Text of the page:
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I have an interesting problem involving linear programming. The problem is the following, I have 4 different kinds of rods (rod sized found in the local market):

  • 9m rod
  • 11m rod
  • 12m rod
  • 15m rod

Slabs on construction have steel rods and I want to minimize the quantity of rods used horizontally and vertically. I have a total length (Ltotal) and I want to know what is the minimum amount of rods I need to use for a slab,that still fits at least inside it or possibly longer. The remaining rod length that exceeds the slab is going to be cut. So I suppose the objective function will be:

$$ \min x_{1} + x_{2} + x_{3} + x_{4} $$

$$s.t. \ 9x_{1} + 11x_{2} + 12x_{3} + 15x_{4}\ \ (\lt,\le or =)? \ \ \ L_{total}$$ $$ x_{1} \ge 0$$ $$ x_{2} \ge 0$$ $$ x_{3} \ge 0$$ $$ x_{4} \ge 0$$ where

$x_{1}$: total amount of 9m rods used
$x_{2}$: total amount of 11m rods used
$x_{3}$: total amount of 12m rods used
$x_{4}$: total amount of 15m rods used

I assume all this 4 variables should be integers(MILP)

The constraint expresses the amount of rods multiplied by its length should be less than or equal to the total length. I want some advice as I am not very familiar to optimization methods. I put this same example in PuLP but it throwed 0 for all values.

I need help to solve this problem.

Thanks

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  • $\begingroup$ You swapped an inequality. If the total length should be less than some specified total length, the trivial solution is to set all lengths equal to zero, as you have obtained numerically. $\endgroup$ – Johan Löfberg Feb 25 '15 at 9:42
  • $\begingroup$ Hi @JohanLöfberg , should I set it as an equality instead? How would you set it? $\endgroup$ – Diego Gallegos Feb 25 '15 at 13:46
  • $\begingroup$ Does it make sense to you to specify that the length of the rod should be less than some value? Just think in terms of common sense. If you tell your welder to build the cheapest possible rod, and it has to be at most 10 meters, any smart welder would give you a rod of length 0 and happily take your money. Hence you should specify that the rod should be... $\endgroup$ – Johan Löfberg Feb 25 '15 at 13:54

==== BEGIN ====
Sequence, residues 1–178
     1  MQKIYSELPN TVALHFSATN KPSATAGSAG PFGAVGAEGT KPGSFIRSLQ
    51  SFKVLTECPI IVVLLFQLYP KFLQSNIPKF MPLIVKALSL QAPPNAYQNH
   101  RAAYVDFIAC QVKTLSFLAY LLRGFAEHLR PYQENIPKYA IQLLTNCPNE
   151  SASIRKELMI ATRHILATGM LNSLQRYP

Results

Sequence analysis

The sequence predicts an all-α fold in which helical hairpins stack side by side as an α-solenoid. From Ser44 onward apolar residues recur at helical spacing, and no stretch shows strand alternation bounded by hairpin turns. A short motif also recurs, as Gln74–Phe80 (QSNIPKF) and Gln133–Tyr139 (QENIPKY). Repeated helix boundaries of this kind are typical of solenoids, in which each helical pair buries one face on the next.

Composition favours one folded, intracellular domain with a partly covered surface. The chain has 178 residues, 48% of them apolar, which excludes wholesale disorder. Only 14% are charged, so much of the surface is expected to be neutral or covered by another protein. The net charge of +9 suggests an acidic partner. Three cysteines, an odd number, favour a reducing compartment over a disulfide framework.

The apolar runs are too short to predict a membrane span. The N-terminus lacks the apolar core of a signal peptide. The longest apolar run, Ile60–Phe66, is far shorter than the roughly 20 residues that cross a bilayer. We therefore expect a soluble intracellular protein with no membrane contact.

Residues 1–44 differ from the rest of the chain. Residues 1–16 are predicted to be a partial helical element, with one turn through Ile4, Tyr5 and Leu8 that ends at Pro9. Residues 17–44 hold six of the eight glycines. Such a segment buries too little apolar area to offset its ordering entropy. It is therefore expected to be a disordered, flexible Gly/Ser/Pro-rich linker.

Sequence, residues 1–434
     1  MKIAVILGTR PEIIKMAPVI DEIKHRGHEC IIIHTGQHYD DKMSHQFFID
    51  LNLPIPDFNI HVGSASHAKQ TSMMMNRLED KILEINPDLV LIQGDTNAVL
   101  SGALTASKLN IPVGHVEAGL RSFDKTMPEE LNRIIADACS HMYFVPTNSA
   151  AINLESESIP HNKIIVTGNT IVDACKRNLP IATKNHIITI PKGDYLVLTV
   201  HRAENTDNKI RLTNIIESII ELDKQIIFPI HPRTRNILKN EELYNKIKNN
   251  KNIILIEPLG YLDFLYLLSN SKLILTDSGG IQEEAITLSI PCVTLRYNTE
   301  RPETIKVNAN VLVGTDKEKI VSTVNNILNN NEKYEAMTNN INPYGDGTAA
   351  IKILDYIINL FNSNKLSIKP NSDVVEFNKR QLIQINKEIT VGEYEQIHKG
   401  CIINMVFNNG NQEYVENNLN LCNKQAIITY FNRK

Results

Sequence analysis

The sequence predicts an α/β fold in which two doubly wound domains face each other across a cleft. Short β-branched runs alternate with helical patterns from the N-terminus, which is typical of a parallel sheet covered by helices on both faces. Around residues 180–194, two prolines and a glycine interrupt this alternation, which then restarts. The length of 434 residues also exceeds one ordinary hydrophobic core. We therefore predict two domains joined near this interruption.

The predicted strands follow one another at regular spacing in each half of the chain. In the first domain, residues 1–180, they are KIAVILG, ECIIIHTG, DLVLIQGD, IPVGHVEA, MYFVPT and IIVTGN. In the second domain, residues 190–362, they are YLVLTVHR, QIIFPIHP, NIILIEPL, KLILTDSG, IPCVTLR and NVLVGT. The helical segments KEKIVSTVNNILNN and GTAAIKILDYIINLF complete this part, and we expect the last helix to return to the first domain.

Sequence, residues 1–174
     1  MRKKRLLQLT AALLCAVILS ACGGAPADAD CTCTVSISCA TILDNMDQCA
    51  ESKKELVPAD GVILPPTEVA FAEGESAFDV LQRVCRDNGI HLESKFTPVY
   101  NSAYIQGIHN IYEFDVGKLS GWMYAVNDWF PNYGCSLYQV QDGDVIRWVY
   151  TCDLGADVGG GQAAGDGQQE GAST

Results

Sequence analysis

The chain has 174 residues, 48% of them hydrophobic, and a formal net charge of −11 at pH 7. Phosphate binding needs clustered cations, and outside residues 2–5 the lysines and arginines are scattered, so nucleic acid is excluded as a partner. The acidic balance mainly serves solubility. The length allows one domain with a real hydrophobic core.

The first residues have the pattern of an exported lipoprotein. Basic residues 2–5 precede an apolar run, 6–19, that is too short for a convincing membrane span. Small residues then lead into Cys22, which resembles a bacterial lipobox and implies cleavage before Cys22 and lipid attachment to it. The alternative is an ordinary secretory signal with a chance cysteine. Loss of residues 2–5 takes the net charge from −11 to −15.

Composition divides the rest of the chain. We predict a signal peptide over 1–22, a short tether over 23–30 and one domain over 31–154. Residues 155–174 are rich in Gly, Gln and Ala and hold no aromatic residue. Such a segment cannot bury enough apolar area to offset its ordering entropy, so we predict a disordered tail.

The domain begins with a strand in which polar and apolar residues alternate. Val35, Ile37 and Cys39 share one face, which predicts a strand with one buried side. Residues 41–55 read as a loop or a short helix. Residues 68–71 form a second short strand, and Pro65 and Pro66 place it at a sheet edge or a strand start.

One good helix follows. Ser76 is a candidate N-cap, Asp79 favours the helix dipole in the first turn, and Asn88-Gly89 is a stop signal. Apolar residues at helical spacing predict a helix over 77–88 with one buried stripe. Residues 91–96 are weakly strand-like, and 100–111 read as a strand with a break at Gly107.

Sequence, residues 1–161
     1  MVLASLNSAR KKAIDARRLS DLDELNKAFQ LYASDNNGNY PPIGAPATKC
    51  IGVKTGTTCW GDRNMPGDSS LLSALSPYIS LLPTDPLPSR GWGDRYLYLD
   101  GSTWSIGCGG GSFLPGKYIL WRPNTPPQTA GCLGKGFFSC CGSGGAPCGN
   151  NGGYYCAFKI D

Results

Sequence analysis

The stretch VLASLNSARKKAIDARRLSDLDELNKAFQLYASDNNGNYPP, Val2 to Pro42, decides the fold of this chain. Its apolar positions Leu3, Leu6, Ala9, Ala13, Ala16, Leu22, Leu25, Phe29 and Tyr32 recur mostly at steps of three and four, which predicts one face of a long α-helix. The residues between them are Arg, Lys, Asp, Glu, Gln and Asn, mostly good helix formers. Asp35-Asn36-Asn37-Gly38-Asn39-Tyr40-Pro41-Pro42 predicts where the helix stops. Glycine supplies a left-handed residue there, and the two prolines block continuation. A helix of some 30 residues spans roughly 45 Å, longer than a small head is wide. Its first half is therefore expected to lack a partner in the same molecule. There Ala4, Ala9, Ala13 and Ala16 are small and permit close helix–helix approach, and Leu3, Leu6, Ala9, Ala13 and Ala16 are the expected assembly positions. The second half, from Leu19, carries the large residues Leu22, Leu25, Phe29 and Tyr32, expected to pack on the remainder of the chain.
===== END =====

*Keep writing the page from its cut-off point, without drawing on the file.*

• $\begingroup$ @JohanLöfberg, oh I see but the total length is not the length of the rod but the length of the entire slab(Ltotal). I have to find a configuration of the given rods(rods in the market) that fit in the slab. $\endgroup$ – Diego Gallegos Feb 25 '15 at 14:06
  • $\begingroup$ Then you are obviously missing some constraint, as the trivially optimal solution is $x=0$ (or actually $x = -\infty$ as you do not have any non-negativity constraint on $x$). A rod of length 0 clearly fits in your slab. $\endgroup$ – Johan Löfberg Feb 25 '15 at 14:13
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Edited as the problem definition keeps changing. With the current desrciption in the comments, you have simply used the wrong inequality.

$$ \min x_{1} + x_{2} + x_{3} + x_{4} $$

$$s.t. \ 9x_{1} + 11x_{2} + 12x_{3} + 15x_{4}\ \geq L_{total}$$ $$ x_{1} \ge 0$$ $$ x_{2} \ge 0$$ $$ x_{3} \ge 0$$ $$ x_{4} \ge 0$$

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